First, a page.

‘Family violence’ can occur between romantic partners, parents, siblings, children and extended family members. A fairly broad term, ‘family violence’ incorporates physical and sexual abuse, but also includes emotional abuse, financial abuse and coercive control.
A FVIO may include several ‘protected persons’ or ‘affected family members’. For example, a partner and all the children in the family.
Similarly to a PSIO, the conditions of a FVIO restrict the defendant from certain behaviours, including contacting their victim. Although FVIOs can be varied to ensure that contact can continue between the Respondent and the Affected Family Members. For example, a Respondent may have a condition that they can contact the Protected Person/wife for the purpose of child arrangements.
Like a PSIO, a FVIO goes through the Magistrates’ Court. Once the interim intervention order or final order is in place, any breaching of the FVIO is a criminal offence.
Fighting an Intervention Order
When you attend an intervention order hearing, there are several options available to a person if they wish to contest the the intervention order:
- You can “consent without admissions”, which is the act of agreeing to the order but disagreeing with the allegations. In accepting the order under these circumstances, the court is not recording any information about your acceptance of these allegations.
- You can propose an ‘undertaking’ instead of the intervention order. The undertaking is a written promise on how you will act. Notably, unlike an intervention order, breaking an undertaking won’t result in criminal liability.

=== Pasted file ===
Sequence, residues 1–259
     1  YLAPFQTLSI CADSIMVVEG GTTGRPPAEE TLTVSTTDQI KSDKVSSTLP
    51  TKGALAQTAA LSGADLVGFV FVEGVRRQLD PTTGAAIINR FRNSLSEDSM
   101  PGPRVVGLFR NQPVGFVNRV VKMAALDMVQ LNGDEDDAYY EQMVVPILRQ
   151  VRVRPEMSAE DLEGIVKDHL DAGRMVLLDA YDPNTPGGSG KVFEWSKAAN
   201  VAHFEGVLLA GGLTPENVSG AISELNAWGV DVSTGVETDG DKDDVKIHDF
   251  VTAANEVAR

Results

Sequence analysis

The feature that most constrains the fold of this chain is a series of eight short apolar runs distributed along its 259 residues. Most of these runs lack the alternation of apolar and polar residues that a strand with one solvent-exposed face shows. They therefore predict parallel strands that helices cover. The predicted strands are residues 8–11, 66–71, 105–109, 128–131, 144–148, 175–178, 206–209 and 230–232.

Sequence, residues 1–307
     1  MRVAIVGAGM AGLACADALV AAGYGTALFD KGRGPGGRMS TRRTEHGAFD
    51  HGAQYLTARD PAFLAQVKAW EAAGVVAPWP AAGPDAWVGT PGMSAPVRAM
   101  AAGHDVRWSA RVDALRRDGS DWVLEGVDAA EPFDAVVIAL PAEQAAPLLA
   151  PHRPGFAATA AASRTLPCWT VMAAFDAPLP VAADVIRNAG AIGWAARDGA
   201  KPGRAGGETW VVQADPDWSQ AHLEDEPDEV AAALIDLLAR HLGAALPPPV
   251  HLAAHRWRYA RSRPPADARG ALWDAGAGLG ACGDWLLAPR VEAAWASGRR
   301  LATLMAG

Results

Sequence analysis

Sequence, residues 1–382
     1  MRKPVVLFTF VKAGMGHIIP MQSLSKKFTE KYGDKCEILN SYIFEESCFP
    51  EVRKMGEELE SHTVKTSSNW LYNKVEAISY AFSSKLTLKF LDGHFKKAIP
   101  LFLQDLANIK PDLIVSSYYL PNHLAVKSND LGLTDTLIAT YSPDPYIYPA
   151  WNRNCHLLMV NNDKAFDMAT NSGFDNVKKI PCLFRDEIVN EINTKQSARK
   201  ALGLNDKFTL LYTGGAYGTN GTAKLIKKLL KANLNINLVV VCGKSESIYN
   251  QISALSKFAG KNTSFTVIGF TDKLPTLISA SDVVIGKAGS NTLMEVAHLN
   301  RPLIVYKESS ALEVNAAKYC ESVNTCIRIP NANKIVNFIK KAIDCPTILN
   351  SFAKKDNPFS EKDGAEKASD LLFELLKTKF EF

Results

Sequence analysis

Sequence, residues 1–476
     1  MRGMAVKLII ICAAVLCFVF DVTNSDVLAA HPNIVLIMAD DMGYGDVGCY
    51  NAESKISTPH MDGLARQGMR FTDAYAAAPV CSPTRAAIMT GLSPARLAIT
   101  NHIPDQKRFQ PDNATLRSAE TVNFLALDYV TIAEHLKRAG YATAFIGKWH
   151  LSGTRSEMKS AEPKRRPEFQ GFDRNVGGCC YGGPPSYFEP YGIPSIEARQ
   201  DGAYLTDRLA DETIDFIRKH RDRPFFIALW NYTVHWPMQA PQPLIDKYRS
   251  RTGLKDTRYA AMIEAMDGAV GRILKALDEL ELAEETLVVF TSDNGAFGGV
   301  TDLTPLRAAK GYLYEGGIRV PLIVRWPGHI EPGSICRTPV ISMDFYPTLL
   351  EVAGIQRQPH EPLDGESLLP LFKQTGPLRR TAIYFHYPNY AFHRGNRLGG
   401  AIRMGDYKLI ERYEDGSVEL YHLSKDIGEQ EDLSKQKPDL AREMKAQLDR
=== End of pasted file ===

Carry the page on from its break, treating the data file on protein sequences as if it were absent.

- You can request a contested hearing. At a new date, your lawyer will present evidence and oppose allegations against you. The court will then determine from the evidence presented from both parties whether the order is appropriate.
- If you don’t agree with the conditions of the order, you file an appeal. An appeal must be filed within 30 days of the order’s issue date. This will result in a rehearing, where you can oppose the order.
Case Study - Applying for an Interim Family Violence Intervention Order
Ms Liliana Dubroja’s client had an argument with his wife and the police attended and made an application for an Interim Family Violence Intervention Order with conditions that did not allow any contact between the parties or for the accused to live at the family home.
The client was also charged with ‘Unlawful Assault’ being a criminal offence.
Ms Dubroja negotiated with the Prosecution for consent to a Diversion for the Unlawful Assault charge and made submissions to the Magistrate who sentenced Ms Dubroja’s client to a Diversion.
Ms Dubroja then made an application to vary the Intervention Order and removed all conditions except ‘Not to Commit Family Violence’.
The client then consented to the Intervention Order without admissions and was able to return home to the family house.
Due to the client receiving a Diversion, he does not have a criminal record for the Unlawful Assault charge.
Slades & Parsons: Expert Intervention Order Lawyers in Melbourne
We are one of Melbourne’s leading criminal law firms and have been criminal defence specialists for more than 35 years.
Our experienced criminal lawyers are happy to work through any questions you may have if you have been served with an intervention order.
Slades & Parsons are available to take your call 24 hours a day.
To apply for a restraining order or to apply for a family violence intervention order, we can help you navigate the legal process. We are authorised to take on Legal Aid cases for eligible clients.
Intervention Orders – Frequently Asked Questions
- What is an intervention order?
- How can I respond to an intervention order?
- Does an intervention order go on your record or give you a criminal record?
- Why do I have criminal charges and an intervention order?
- What is the process of an intervention order?
- What happens at an intervention order hearing?
- If an intervention order is made in Victoria, does it only apply in Victoria?
- What happens if you breach an intervention order?